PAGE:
Does your agency need crime scene investigation training, forensic consulting, technology assessments or reviews? During these lean economic times, forensic support can help bridge the gap between your agency’s limited resources and your challenging service requirements.
NFSTC is a Training and Technical Assistance (TTA) provider for the Bureau of Justice Assistance (BJA), providing these and other services and support for local, state and tribal law enforcement agencies. Whether you need to train personnel or find a way to increase case efficiencies, NFSTC’s nationwide network of forensic scientists and consultants are ready to help.
To request assistance, please let us know a little bit about the support you need using our quick and easy form online: http://www.nfstc.org/resources/bja-tta-application/
We’ll reach out to you and coordinate submitting your request to BJA for approval.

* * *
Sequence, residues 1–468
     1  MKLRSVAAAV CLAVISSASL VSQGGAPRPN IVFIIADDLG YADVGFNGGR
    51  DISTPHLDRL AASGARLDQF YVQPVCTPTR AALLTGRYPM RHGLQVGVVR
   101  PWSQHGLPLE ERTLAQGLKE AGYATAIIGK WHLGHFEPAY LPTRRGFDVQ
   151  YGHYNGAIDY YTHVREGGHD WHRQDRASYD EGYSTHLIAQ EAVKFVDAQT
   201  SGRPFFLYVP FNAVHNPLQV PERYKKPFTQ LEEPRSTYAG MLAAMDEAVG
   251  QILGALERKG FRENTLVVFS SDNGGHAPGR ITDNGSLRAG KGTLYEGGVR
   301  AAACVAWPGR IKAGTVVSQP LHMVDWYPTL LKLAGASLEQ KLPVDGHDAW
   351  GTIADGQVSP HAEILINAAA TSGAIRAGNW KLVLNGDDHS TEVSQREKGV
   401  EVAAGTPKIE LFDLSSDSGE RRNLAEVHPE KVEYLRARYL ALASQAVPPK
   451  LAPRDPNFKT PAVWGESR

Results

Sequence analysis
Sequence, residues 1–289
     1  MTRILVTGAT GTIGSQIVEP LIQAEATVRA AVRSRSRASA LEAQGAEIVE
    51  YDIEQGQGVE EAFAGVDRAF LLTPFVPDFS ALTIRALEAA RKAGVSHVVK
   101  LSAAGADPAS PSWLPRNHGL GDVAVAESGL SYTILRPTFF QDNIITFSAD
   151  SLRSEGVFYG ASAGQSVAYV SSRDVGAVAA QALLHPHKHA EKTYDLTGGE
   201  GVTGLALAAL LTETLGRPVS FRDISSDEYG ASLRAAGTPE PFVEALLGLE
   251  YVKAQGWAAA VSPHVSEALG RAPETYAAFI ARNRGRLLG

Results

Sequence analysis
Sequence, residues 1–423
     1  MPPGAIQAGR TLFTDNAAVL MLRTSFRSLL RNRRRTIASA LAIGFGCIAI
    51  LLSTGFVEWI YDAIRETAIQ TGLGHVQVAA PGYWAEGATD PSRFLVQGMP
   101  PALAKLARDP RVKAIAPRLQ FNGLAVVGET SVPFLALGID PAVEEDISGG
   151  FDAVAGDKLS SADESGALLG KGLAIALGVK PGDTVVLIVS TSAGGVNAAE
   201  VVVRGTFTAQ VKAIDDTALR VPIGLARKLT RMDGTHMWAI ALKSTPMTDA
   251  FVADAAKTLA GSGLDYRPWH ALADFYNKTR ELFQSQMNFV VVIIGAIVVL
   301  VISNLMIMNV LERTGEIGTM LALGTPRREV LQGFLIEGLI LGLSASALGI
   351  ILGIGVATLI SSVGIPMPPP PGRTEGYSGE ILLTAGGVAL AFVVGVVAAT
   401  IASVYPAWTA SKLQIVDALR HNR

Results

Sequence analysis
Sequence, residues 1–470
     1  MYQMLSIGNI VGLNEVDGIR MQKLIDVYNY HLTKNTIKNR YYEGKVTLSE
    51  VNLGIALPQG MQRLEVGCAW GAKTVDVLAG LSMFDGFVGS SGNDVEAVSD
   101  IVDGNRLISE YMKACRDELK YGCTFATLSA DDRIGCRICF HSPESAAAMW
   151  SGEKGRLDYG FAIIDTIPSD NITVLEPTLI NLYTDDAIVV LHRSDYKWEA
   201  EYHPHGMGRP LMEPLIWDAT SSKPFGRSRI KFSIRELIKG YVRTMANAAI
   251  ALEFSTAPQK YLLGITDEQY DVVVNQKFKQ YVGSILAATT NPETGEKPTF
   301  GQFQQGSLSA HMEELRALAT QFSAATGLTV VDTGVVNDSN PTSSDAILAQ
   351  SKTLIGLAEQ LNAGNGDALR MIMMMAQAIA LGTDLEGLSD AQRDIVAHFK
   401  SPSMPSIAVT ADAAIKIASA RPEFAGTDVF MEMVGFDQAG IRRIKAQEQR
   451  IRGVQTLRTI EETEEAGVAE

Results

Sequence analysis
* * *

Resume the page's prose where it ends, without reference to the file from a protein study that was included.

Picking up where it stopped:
NFSTC also maintains a wide variety of online training at no charge. Visit http://projects.nfstc.org to see what is currently available for you and your investigative team.
NFSTC provides BJA TTA Services under cooperative agreement #2009-D1-BX-K028. Organizations requesting training or technical assistance (TTA) will be required to provide information and justification for their request. All requests must be submitted at least 30-45 days prior to the anticipated date of service. BJA does not consider requests to purchase equipment as technical assistance requests.
As technology advances and forensic scientists are able to examine ever smaller amounts of DNA, it becomes more important than ever that collection of biological material is done in a manner that is efficient, nondestructive and with the least possibility for contamination.
But while DNA analysis may employ high-tech equipment, a decidedly low-tech device is key to performing this process: a swab.
To determine whether some swabs are more efficient at collecting and releasing dried biological fluids than others, NFSTC scientists examined nine different swabs of varying materials/styles to gauge their performance in this application. In addition, the frequently utilized “double-swab technique” was examined to determine if it provided any additional advantages.